248-year-old watchtower temporarily saved from demolition
The 18th century watchtower is a presumed important cultural property
Mar 11, 2019
An 18th century watchtower in Maasin City, Southern Leyte was set to be demolished to make room for a couple of school buildings for Saint Joseph College’s growing population, Inquirer.net reported. But here’s a bit of good news: The National Historical Commission of the Philippines (NHCP) has temporarily stopped the demolition, citing that the watchtower is a presumed important cultural property.
The demolition of important cultural properties violates the national heritage law of 2009, which protects cultural structures from any kind of demolition, exportation, and modification. The watchtower was completed in 1771 and was “dedicated to San Carlos Borromeo and is one of at least two Spanish colonial edifices in Maasin.”
The report also revealed that the NHCP requested Bishop Cantillas of the Diocese of Maasin “to stop any activity affecting the structure and advised to submit development plans and site map, with respect to the edifice.” Historian Rolando Borrinaga said that the structure “was most likely started by the Jesuits but was finished by the Augustinians in 1768.”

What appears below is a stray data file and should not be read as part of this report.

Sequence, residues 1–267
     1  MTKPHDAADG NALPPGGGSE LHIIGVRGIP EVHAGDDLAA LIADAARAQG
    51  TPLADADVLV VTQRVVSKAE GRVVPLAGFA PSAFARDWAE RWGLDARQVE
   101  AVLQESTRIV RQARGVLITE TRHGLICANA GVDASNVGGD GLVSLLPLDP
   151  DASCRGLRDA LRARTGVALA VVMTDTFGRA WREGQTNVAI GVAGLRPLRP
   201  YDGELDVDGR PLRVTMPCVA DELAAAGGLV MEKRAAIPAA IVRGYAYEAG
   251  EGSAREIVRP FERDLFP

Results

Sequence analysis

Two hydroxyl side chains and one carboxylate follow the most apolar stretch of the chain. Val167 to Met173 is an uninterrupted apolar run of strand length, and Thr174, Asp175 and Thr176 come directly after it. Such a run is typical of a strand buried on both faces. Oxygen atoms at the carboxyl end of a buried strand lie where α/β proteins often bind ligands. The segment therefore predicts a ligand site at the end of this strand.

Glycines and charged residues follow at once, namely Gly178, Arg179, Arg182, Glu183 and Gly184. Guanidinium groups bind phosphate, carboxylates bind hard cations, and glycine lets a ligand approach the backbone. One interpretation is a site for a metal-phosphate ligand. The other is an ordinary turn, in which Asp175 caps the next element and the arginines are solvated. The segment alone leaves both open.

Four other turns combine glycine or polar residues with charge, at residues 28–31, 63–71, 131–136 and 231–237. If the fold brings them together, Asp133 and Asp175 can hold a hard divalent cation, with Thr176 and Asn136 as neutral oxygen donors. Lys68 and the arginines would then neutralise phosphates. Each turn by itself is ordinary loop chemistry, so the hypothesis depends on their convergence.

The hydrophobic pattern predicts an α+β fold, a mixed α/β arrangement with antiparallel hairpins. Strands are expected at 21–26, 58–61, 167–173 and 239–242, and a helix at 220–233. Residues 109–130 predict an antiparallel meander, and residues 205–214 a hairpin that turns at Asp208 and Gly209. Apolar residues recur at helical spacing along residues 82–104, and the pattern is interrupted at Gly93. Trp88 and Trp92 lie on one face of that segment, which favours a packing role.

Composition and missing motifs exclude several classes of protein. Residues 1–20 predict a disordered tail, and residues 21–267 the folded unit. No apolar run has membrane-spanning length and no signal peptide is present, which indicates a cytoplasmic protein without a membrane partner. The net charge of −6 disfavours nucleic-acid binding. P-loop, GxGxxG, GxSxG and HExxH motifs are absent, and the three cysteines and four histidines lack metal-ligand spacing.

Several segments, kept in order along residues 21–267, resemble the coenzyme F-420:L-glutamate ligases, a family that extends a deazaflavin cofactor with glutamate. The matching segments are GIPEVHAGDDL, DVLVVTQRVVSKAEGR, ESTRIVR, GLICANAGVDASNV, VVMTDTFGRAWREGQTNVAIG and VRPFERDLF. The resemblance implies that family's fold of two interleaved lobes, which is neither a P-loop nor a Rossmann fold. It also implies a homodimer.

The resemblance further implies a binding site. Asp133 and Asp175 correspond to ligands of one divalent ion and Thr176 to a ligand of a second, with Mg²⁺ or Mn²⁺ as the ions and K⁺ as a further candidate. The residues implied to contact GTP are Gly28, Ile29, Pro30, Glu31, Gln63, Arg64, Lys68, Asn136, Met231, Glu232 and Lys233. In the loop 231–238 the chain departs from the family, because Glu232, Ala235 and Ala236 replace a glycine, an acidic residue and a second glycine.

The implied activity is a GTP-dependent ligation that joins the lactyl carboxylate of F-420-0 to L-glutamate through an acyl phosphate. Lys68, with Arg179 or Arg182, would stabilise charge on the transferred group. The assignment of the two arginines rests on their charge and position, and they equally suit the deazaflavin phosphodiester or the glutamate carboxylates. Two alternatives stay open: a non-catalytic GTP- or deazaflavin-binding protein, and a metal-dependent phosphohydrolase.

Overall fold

During the Spanish colonial rule, watchtowers were built to strengthen security and protection against local and foreign assailants. It’s said that there are hundreds of watchtowers all over the country during those periods. While most watchhouses were severely damaged over the years, some of them have been preserved by local government units and cultural agencies.
Most watchhouses we see today are, in fact, over 200 years old. Take for example the 429-year-old Bantay Church Bell Tower in Ilocos or the 223-year-old Punta Cruz watchtower in Bohol. The latter used to be a lookout tower built by Spanish colonizers to combat Moro raiders. It’s known to be the “only perfect isosceles-triangle tower-fort structure” in the country.
Though it was heavily damaged in the Bohol earthquake in 2013, the watchtower has been successfully restored. If we only treat forgotten structures like the Maasin watchtower in the same light as Punta Cruz, then we wouldn’t have to constantly worry about our country’s dying heritage structures.
Read more by Jill Chua:
A museum dedicated to the Bulaceño propagandista you probably don’t know
Do you know where the Philippine flag was first flown outside of Luzon?
Bottled water drinkers consume 90,000 more microplastics
New earthworm-eating shrew rat species found in Luzon
7 important mosques in the Philippines